Laser ablation isotope ratio mass spectrometry for enhanced sensitivity and spatial resolution in stable isotope analysis
Article first published online: 12 APR 2011
Copyright © 2011 John Wiley & Sons, Ltd.
Rapid Communications in Mass Spectrometry
Volume 25, Issue 9, pages 1282–1290, 15 May 2011
How to Cite
Moran, J. J., Newburn, M. K., Alexander, M. L., Sams, R. L., Kelly, J. F. and Kreuzer, H. W. (2011), Laser ablation isotope ratio mass spectrometry for enhanced sensitivity and spatial resolution in stable isotope analysis. Rapid Commun. Mass Spectrom., 25: 1282–1290. doi: 10.1002/rcm.4985
- Issue published online: 12 APR 2011
- Article first published online: 12 APR 2011
- Manuscript Accepted: 15 FEB 2011
- Manuscript Revised: 14 FEB 2011
- Manuscript Received: 10 SEP 2010
Stable isotope analysis permits the tracking of physical, chemical, and biological reactions and source materials at a wide variety of spatial scales. We present a laser ablation isotope ratio mass spectrometry (LA-IRMS) method that enables δ13C measurement of solid samples at 50 µm spatial resolution. The method does not require sample pre-treatment to physically separate spatial zones. We use laser ablation of solid samples followed by quantitative combustion of the ablated particulates to convert sample carbon into CO2. Cryofocusing of the resulting CO2 coupled with modulation in the carrier flow rate permits coherent peak introduction into an isotope ratio mass spectrometer, with only 65 ng carbon required per measurement. We conclusively demonstrate that the measured CO2 is produced by combustion of laser-ablated aerosols from the sample surface.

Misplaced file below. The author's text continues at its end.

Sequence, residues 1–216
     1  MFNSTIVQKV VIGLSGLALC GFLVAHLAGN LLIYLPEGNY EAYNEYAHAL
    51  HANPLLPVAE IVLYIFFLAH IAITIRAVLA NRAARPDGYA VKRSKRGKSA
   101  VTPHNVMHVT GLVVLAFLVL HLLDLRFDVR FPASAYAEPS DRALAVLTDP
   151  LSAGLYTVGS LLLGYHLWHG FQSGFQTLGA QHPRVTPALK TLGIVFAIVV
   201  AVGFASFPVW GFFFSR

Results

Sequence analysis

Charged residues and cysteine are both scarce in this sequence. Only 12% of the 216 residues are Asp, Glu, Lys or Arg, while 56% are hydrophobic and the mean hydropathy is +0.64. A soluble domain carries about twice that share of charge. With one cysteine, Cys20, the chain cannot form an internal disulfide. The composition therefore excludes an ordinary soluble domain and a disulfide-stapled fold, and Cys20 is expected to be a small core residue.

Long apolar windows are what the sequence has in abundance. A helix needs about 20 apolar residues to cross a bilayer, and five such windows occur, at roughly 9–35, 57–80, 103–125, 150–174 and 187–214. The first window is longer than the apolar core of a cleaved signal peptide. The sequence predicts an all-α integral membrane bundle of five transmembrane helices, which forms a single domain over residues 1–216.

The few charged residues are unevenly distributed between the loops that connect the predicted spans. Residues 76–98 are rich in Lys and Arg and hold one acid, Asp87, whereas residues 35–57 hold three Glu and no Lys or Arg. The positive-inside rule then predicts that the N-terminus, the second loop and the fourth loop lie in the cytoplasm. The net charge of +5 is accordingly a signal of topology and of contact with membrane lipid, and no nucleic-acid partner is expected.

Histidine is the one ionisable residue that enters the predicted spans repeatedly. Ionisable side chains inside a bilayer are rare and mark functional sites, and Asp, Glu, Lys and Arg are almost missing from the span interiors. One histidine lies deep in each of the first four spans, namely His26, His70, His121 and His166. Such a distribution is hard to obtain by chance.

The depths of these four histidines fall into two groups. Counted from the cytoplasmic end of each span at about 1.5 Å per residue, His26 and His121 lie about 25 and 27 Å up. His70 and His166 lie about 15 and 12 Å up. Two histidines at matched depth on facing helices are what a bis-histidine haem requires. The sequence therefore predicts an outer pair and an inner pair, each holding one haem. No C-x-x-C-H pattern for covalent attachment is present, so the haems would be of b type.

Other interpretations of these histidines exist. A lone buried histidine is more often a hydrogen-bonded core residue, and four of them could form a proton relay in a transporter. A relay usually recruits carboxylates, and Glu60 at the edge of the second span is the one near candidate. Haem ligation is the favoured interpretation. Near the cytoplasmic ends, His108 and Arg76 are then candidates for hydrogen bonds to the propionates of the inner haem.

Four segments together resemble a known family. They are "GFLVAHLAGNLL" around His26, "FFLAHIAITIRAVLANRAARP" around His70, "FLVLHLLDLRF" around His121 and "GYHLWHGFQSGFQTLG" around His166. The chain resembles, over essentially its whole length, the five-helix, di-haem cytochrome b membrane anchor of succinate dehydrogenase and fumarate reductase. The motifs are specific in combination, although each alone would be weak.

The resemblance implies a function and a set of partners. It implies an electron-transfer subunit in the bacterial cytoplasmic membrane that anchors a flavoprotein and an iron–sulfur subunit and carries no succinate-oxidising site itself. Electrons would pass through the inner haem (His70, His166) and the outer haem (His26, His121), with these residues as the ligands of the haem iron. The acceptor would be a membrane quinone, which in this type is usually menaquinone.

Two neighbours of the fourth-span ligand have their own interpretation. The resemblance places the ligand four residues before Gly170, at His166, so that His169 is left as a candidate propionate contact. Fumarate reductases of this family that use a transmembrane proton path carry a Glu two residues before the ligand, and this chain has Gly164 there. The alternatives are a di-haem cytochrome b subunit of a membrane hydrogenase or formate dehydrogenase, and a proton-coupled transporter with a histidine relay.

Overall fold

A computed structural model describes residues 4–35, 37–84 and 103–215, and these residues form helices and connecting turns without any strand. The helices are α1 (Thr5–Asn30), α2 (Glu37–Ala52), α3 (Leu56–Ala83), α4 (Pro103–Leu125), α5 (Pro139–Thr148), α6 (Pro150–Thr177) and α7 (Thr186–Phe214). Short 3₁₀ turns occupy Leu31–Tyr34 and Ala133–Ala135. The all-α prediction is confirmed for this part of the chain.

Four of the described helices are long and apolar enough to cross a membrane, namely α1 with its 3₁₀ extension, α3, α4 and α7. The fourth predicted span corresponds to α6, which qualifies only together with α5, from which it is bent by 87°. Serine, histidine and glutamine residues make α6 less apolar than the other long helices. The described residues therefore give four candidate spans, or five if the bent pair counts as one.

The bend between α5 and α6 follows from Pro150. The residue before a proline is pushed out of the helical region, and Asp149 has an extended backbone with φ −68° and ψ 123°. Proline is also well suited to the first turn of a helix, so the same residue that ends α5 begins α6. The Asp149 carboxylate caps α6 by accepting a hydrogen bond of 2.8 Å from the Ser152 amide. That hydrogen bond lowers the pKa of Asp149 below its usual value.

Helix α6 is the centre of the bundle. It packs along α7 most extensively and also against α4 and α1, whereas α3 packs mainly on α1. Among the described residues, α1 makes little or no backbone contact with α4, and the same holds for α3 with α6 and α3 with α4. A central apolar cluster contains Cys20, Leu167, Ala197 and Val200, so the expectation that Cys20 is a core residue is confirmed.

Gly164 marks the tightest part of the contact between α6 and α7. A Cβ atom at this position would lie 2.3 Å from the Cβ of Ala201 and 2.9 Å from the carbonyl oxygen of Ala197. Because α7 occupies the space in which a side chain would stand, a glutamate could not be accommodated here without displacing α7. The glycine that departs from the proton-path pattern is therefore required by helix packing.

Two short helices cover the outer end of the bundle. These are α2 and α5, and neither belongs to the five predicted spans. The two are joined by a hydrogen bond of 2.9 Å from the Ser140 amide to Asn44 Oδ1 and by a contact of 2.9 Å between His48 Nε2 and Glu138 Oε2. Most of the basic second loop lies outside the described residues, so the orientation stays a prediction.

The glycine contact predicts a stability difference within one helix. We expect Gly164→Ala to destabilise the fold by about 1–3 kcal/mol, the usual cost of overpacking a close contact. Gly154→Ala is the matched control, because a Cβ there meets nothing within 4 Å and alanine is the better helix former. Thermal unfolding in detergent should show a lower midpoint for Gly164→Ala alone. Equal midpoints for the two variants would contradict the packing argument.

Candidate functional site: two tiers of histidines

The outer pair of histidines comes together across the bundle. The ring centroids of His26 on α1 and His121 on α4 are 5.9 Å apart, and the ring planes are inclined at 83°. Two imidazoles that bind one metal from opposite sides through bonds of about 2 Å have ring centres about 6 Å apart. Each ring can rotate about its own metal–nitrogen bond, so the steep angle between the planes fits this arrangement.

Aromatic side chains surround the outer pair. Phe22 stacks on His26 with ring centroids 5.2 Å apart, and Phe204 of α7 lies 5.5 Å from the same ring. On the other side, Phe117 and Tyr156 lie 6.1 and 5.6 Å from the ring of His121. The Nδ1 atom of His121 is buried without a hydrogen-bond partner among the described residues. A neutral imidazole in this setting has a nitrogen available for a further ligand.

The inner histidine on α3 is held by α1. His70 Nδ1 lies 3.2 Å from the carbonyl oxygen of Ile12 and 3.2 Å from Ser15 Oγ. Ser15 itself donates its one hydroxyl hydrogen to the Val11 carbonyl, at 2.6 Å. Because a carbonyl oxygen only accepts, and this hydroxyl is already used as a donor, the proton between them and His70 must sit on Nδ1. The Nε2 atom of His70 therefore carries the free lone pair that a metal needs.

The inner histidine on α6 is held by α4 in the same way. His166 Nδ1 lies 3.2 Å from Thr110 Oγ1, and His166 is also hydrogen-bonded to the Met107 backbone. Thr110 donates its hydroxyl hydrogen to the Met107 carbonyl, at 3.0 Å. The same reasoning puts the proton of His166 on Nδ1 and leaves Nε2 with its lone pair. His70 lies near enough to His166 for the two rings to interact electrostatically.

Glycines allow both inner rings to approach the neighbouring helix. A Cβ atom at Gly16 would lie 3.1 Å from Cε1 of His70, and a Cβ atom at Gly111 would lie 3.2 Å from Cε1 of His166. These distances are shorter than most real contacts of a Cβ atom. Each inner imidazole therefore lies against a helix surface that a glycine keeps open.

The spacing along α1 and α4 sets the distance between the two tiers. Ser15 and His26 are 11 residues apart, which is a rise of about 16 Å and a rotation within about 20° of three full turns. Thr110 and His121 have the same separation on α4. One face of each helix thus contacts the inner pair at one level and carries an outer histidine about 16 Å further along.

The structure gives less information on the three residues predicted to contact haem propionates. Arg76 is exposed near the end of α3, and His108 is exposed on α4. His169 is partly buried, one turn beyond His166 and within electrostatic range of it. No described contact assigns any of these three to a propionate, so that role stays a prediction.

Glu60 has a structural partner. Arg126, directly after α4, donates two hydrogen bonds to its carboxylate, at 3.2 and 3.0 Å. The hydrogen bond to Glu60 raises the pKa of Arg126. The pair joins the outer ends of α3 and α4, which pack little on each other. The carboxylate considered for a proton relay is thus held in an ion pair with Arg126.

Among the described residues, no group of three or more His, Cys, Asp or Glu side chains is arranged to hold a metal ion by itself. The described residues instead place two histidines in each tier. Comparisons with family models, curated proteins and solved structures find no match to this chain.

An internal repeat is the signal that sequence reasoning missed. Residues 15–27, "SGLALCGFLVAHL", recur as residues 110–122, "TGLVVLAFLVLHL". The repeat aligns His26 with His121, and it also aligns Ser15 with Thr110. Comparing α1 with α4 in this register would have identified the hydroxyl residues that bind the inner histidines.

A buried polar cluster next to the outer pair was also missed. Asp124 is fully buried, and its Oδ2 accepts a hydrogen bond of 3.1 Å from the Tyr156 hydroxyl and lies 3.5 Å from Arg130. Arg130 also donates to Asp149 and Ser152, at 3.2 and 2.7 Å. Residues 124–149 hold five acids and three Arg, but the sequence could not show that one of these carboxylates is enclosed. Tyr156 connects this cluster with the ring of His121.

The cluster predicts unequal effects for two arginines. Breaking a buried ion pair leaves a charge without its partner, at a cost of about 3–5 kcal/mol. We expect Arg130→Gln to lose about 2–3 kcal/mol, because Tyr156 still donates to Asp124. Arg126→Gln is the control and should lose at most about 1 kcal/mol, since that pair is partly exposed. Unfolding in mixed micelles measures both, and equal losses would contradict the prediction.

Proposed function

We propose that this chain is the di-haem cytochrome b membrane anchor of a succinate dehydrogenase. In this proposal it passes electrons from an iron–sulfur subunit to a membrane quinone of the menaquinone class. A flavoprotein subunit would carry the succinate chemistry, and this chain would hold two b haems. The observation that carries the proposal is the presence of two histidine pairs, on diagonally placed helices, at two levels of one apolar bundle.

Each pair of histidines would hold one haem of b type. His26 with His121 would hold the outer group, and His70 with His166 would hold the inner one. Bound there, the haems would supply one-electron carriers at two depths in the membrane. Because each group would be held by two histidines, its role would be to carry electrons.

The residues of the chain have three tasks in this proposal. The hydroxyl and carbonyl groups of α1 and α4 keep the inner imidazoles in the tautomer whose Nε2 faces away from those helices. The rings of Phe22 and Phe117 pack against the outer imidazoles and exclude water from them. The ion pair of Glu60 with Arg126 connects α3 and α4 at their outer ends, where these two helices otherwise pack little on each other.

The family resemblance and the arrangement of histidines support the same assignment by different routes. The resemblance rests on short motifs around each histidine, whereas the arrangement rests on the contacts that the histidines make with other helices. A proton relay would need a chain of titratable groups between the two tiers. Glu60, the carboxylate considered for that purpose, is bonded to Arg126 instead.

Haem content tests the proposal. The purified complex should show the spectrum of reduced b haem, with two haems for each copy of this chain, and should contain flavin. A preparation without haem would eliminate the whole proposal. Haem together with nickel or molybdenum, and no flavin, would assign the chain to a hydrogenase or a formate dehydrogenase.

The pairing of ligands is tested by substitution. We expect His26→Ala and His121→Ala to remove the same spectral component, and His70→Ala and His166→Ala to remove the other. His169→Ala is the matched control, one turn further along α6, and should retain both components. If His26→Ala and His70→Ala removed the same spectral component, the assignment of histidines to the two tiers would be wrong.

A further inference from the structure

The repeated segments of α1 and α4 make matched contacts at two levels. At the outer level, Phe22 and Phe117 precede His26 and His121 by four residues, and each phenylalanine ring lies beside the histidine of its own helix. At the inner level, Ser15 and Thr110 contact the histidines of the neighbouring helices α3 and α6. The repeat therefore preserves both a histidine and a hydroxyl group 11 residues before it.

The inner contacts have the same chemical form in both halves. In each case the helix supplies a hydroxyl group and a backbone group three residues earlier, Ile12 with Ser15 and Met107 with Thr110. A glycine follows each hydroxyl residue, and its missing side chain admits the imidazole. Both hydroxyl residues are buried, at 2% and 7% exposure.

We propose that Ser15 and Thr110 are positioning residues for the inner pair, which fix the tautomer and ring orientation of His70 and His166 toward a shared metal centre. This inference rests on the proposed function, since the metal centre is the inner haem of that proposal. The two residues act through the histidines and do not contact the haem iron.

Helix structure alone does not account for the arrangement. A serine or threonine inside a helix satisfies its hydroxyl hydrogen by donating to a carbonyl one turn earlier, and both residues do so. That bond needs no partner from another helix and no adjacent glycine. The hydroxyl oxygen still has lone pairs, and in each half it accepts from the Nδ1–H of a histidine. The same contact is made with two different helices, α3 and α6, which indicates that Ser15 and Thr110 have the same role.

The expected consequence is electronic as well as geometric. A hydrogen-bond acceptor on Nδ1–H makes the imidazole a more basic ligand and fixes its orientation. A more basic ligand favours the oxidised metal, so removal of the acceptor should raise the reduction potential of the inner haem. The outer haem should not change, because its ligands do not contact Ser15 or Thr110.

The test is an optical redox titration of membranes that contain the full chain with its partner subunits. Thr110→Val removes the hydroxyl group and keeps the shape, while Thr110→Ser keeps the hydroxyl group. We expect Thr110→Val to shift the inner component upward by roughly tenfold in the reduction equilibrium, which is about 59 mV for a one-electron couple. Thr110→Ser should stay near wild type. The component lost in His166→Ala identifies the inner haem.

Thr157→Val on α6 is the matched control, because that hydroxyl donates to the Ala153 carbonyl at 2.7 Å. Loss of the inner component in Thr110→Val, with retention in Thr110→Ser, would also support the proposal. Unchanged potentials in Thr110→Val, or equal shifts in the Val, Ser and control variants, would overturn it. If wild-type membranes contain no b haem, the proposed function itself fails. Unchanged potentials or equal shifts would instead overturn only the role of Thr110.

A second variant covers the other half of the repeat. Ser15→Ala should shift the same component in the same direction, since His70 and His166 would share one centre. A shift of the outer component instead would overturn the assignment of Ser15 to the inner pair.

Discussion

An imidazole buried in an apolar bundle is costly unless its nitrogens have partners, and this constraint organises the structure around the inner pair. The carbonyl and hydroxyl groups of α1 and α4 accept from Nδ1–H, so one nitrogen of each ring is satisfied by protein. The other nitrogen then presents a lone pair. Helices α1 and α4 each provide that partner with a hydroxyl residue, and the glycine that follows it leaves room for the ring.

We measured δ13C for a series of solid compounds using laser ablation and traditional solid sample analysis techniques. Both techniques produced consistent isotopic results but the laser ablation method required over two orders of magnitude less sample. We demonstrated that LA-IRMS sensitivity coupled with its 50 µm spatial resolution could be used to measure δ13C values along a length of hair, making multiple sample measurements over distances corresponding to a single day's growth.
This method will be highly valuable in cases where the δ13C analysis of small samples over prescribed spatial distances is required. Suitable applications include forensic analysis of hair samples, investigations of tightly woven microbial systems, and cases of surface analysis where there is a sharp delineation between different components of a sample. Copyright © 2011 John Wiley & Sons, Ltd.